Counselor: Average age for first viewing of pornography is 11-ye - KTIV News 4 Sioux City IA: News, Weather and Sports

Counselor: Average age for first viewing of pornography is 11-years-old

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Between television, magazines, and Internet it might not surprise you that more and more of our youth have access to inappropriate images. Between television, magazines, and Internet it might not surprise you that more and more of our youth have access to inappropriate images.
ORANGE CITY, Iowa (KTIV) -

Between television, magazines, and Internet it might not surprise you that more and more of our youth have access to inappropriate images.

But the age in which they discover them may shock you.

Dr. Shawn Scholten has been in the mental health field for over 20 years, but some statistics still shock her.

"The average age that a youth first views pornography is age 11, and that of course is an average, so there's some older, but there's also some younger," said Dr. Shawn Scholten, licensed mental health counselor.

Dr. Scholten says the most likely reason for this is easy access to pornography online.

Sometimes, Dr. Scholten says that viewing pornography can become an addiction.

It's a health issue that she says is becoming more and more common.

"It seems like it's very easy to get hooked and for it to become something that they need more and more, and then it becomes an addiction where they're very negative consequences of it," said Dr. Scholten.

According to Dr. Scholten, the addiction interrupts day to day living and can negatively affect friendships, school, work, and family life.

She says the best way to prevent the addiction, early education at home.

That's exactly what Susan Dykstra, a mother of four, is doing.

"Really getting at their hearts and talking to them about what they believe and what's out there and so that they know when they come upon it because we can't stop them from seeing it, but when they actually come upon it that they would know what to do with that kind of thing," said Susan Dykstra, mother.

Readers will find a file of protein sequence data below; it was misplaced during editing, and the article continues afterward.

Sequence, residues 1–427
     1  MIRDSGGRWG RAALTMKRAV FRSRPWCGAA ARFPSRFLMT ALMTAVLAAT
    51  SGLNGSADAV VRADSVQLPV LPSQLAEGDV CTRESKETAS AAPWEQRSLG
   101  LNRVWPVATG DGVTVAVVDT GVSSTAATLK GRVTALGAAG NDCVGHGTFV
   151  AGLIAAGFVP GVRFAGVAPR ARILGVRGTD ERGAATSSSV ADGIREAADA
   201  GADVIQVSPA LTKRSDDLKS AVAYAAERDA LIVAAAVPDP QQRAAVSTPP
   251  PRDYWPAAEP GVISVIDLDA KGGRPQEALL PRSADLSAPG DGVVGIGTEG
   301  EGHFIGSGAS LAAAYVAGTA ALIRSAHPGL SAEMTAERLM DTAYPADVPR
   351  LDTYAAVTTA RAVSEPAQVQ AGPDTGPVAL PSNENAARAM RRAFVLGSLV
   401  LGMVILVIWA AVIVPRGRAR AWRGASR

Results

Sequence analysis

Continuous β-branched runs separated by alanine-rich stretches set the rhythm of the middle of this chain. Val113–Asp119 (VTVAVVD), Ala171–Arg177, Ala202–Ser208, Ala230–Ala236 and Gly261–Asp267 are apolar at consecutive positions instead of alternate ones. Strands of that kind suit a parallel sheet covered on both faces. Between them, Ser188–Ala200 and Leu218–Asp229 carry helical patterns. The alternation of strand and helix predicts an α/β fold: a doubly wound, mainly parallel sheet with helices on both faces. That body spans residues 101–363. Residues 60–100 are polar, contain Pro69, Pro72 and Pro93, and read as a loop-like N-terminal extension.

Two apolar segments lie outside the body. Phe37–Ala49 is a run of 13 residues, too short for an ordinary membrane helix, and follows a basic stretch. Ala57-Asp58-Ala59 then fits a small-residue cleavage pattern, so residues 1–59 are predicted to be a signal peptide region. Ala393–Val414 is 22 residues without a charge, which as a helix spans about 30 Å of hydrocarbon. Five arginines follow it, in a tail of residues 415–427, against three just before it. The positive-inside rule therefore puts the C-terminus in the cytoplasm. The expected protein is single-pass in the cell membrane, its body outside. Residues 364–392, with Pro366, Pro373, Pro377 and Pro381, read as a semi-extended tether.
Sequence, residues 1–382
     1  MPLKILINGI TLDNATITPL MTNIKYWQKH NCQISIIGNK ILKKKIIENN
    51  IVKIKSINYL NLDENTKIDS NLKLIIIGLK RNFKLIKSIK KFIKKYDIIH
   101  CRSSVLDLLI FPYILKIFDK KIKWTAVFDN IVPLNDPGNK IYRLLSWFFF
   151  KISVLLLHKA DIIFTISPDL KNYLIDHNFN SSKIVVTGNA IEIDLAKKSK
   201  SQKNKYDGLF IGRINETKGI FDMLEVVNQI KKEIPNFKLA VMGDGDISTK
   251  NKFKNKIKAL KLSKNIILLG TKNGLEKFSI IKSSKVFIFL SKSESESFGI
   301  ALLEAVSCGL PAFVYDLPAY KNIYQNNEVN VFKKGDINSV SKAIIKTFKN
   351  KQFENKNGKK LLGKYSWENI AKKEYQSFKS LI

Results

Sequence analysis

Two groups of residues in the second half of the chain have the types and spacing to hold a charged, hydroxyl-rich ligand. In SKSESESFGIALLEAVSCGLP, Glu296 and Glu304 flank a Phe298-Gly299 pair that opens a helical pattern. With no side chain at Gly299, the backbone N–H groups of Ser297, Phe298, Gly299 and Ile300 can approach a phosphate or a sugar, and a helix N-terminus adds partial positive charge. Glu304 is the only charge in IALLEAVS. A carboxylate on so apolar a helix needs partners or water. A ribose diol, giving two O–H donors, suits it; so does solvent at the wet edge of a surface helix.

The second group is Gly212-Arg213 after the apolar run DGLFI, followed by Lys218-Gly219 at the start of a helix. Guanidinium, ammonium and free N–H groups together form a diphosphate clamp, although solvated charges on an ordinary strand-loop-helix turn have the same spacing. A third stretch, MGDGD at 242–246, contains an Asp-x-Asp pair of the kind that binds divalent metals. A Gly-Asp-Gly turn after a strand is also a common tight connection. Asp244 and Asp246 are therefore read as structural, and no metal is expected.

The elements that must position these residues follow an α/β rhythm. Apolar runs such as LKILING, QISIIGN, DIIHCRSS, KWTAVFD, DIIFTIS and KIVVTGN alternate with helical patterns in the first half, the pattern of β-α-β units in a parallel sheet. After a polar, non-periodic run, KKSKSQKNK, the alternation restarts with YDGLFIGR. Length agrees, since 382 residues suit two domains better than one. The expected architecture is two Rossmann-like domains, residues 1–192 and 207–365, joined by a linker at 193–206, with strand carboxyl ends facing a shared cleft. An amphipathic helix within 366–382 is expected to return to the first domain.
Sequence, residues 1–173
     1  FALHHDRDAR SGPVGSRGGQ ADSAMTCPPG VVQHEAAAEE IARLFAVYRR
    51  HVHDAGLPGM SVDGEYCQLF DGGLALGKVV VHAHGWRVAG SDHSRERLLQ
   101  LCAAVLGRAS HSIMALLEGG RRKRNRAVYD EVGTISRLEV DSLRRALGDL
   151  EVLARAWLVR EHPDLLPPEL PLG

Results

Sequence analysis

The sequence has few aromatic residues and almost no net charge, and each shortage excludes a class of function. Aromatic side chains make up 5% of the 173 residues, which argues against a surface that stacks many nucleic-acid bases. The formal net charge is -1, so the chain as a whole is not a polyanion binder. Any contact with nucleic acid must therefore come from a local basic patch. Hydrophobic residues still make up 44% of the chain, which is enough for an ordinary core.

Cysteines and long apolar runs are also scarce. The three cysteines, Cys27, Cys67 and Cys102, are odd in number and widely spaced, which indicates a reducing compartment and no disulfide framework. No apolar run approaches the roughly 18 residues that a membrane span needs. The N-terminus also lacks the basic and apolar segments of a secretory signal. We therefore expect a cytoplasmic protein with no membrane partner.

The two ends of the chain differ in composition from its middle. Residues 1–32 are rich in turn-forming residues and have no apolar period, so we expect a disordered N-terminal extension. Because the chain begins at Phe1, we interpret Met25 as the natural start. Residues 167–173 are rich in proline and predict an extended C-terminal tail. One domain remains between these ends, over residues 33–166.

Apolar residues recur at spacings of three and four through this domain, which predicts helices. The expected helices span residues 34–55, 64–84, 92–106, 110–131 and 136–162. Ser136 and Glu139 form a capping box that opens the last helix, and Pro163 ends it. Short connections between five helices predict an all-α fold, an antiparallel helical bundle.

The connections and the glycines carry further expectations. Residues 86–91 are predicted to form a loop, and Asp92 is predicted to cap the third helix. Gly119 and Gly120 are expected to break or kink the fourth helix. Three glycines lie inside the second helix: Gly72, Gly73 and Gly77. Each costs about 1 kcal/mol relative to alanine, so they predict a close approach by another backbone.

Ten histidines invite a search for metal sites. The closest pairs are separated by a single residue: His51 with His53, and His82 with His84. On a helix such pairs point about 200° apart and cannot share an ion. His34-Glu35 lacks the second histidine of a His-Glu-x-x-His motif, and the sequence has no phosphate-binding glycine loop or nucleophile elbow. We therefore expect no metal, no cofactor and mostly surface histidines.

A conversation Dykstra says is never too late to start having with your kids, especially if doing it, helps keep them safe.

"There's no bad time to start as long as they're alive and breathing, I think we can still work hard at building that trust in that relationship," said Dykstra.

Dr. Scholten says she's not only seeing an increase in the number of people with pornography addictions, the amount of females that view pornography is also rising.

She suggests those struggling with a pornography addiction seek a qualified licensed mental health counselor.

Besides talking to your kids, officials say there are things to watch out for if you think your child may be engaging in inappropriate activity online.

Warning signs include instances when a child minimizes windows or shuts the computer down suddenly, along with noticing a tendency for the child to isolate him or herself from the rest of the family.

The Sioux City Police Department says it's important to limit the time your kids spend online, check the computer's website history, and have access to their social media accounts.

The computer's location is also an important factor.

"We would recommend that you have the computer out in the open somewhere, either in the living room, a kitchen area somewhere, and have the screen facing the open area so that anybody can walk by and see what's on that screen," said Chad Sheehan, Sioux City Police.

The police department recommends an educational website that can help parents keep their kids safe.

The website is called "NetSmartz."

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